These suggestions, while more of a shotgun approach, tend to fix the majority of reported issues just on their own.
Restart Spyder, and try what you were doing before again.
Upgrade Spyder to the latest release, and you might find your issue is resolved (along with new features, enhancements, and other bug fixes).
Minor releases come out every couple months, so unless you’ve updated recently, there is a good chance your version isn’t the latest.
You can find out with the Check for updates command under the Help menu.
To perform the update with Conda (strongly recommended), from your terminal (or Anaconda Prompt on Windows) run:
conda update anaconda
conda update spyder
Update Spyder’s dependencies and environment, either by installing the latest version of your distribution (e.g. the recommended Anaconda), or with the relevant “update all” command in your terminal (or Anaconda Prompt on Windows).
To get the latest stable version of everything using Conda, you can run:
conda update qt pyqt spyder-kernels ipython ipykernel jupyter_client jupyter_core pyzmq
Restart your machine, in case the problem lies with a lingering process or another such issue.
Restore Spyder’s config files to their defaults, which solves a huge variety of Spyder issues.
From your terminal (or Anaconda Prompt on Windows), run:
This will reset your preferences, as well as any custom keyboard shortcuts or syntax highlighting schemes.
If you particularly care about any of those, you should make a copy of the .spyder-py3 folder in your user home directory (C:/Users/YOUR_USERNAME on Windows, /Users/YOUR_USERNAME on macOS, or /home/YOUR_USERNAME on Linux), and restore it afterwards if this doesn’t solve the problem.
Try installing Spyder into a new Conda environment (recommended) or virtualenv/venv, and see if the issue reoccurs.
In your system terminal (or Anaconda Prompt on Windows), run the following commands to create an a fresh, clean environment and start Spyder in it:
conda create -n spyder-env spyder -y
conda activate spyder-env
If this fixes the issue, the problem was likely due to another package installed on your system, particularly if done with pip, which can cause many problems and should be avoided if at all possible.
Watch our video on solving and avoiding problems with pip, Conda and Conda-Forge, and follow its instructions.
If none of the previous steps solve your issue, you should do a full uninstall of Spyder by whatever means you originally installed it.
For Anaconda, follow all the steps under Option B in the Anaconda uninstall guide, delete the Anaconda directory wherever it was originally installed, and (on Windows) remove the %appdata%/python directory if it exists.
Then, do a clean install of the latest version of the Anaconda distribution which is how we recommend you install Spyder and keep it up to date.
While you are welcome to get Spyder working on your own by one of the many other means we offer, we are only able to provide individual support for install-related issues for users of the Anaconda distribution.
In particular, pip installation, while doable, is only really for experts, as there are many pitfalls involved and different issues specific to your setup, which is why we recommend using Conda whenever possible.
For further information, please visit our Installation Guide.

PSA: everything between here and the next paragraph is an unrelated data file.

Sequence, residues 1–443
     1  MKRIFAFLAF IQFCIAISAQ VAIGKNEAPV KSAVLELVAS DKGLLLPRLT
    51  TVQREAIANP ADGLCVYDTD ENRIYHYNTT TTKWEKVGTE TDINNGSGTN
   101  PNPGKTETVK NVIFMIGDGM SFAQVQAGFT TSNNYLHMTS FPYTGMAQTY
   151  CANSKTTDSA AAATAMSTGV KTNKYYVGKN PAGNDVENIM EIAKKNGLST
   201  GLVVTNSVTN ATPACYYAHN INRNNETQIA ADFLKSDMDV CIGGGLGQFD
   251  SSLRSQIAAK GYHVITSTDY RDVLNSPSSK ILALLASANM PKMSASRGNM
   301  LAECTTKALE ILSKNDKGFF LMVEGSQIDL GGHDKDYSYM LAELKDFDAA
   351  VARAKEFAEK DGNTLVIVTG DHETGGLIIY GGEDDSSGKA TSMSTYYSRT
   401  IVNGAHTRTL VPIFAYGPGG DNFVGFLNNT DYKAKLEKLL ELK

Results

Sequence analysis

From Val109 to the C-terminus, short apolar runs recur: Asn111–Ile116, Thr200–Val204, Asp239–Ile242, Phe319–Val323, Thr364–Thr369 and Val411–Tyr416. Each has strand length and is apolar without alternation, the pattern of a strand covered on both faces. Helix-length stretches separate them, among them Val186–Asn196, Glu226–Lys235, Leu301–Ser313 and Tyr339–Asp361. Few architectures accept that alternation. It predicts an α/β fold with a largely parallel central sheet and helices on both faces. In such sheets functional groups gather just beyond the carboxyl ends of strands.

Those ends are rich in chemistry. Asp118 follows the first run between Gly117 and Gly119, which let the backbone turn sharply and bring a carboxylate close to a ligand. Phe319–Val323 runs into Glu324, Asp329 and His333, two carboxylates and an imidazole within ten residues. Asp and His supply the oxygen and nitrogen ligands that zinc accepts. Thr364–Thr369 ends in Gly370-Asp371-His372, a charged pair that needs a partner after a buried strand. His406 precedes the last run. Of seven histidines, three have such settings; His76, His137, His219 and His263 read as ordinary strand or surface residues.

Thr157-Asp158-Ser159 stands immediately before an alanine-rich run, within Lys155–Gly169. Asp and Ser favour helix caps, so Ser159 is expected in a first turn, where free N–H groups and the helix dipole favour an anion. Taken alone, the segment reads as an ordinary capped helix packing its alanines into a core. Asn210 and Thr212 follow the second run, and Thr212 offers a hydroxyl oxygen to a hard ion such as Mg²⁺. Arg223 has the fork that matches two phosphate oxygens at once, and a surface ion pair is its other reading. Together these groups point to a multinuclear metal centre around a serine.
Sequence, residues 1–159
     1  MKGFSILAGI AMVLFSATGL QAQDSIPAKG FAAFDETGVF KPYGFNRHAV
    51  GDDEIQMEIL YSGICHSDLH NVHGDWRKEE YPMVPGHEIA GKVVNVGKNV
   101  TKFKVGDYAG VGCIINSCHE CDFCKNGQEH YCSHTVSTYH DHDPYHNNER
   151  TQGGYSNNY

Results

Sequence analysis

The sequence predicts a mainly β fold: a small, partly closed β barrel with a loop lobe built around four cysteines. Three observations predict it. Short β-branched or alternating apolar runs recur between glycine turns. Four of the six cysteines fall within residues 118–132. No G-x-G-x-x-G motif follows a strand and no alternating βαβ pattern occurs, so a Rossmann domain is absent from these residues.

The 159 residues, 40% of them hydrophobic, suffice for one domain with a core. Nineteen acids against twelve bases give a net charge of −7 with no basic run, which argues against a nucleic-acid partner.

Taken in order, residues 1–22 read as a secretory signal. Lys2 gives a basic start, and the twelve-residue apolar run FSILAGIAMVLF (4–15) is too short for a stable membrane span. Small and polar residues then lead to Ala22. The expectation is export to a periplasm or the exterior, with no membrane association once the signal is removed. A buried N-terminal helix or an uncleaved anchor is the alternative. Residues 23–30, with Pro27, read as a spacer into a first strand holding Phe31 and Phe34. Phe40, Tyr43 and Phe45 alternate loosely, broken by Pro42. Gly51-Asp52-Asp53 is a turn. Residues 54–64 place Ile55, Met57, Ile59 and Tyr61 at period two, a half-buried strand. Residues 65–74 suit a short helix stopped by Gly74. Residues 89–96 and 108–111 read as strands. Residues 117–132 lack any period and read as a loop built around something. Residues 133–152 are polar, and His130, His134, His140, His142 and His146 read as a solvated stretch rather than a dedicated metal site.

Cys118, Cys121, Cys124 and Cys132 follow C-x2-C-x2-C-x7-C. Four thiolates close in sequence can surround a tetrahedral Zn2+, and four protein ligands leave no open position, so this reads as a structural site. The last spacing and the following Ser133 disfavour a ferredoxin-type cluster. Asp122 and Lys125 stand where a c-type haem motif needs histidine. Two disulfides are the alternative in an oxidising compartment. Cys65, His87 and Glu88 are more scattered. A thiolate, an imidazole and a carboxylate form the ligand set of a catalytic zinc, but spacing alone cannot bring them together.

If you get an error while running a specific line, block, or script/program, it may not be an issue with Spyder, but rather something lower down in the packages it depends on.
Try running it in the following in order if and until it starts working as you expect.
If you manage to isolate the bug, report it to the last one it doesn’t work in.
Spyder itself, of course!
Make sure you can reproduce the error after closing and reopening it, if possible.
A bare QtConsole instance, e.g. launched from Anaconda navigator or from the Anaconda Prompt/Terminal/command line (Windows/Mac/Linux) with jupyter qtconsole.
QtConsole is the GUI console backend Spyder depends on to run its code, so most issues involving Spyder’s IPython Console are actually something with QtConsole instead, and can be reported to their issue tracker.
An IPython command line shell, launched with e.g. ipython from the Anaconda Prompt/Terminal/command line (Windows/Mac/Linux).
Reproducible bugs can be reported to their Github page, though make sure to read their guidelines and docs first.
A standard Python interpreter, either run as a script file with python path/to/your/file.py or launched interactively with python from your Anaconda Prompt/Terminal/command line (Windows/Mac/Linux).
While it is not impossible that you’ve found Python bug, it is much more likely to be an issue with the code itself or a package you are using, so your best sources are the Python docs and the other resources listed above.
If the problem reoccurs in a similar or identical way with any of these methods (other than only Spyder itself), then it is almost certainly not an issue with Spyder, and would be best handled elsewhere.
As we usually aren’t able to do much about issues not related to Spyder, a forum like Stack Overflow or the relevant package’s docs is a much better place to get help or report the issue.
See the Calling for Help section for other places to look for information and assistance.
If you know your way around Python, you can often diagnose and even fix Spyder issues yourself, since the IDE is written in the same language you use in it.
You can explore the error messages you’re receiving and Spyder’s inner workings with the Internal Console, available under the menu item View ‣ Panes ‣ Internal Console.
For more detailed debug output, start Spyder from the command line (Anaconda Prompt on Windows) with spyder --debug-info verbose.
spyder --debug-info verbose
Even if you don’t manage to fix the problem yourself, this output can be very helpful in aiding us to quickly narrow down and solve your issue for you.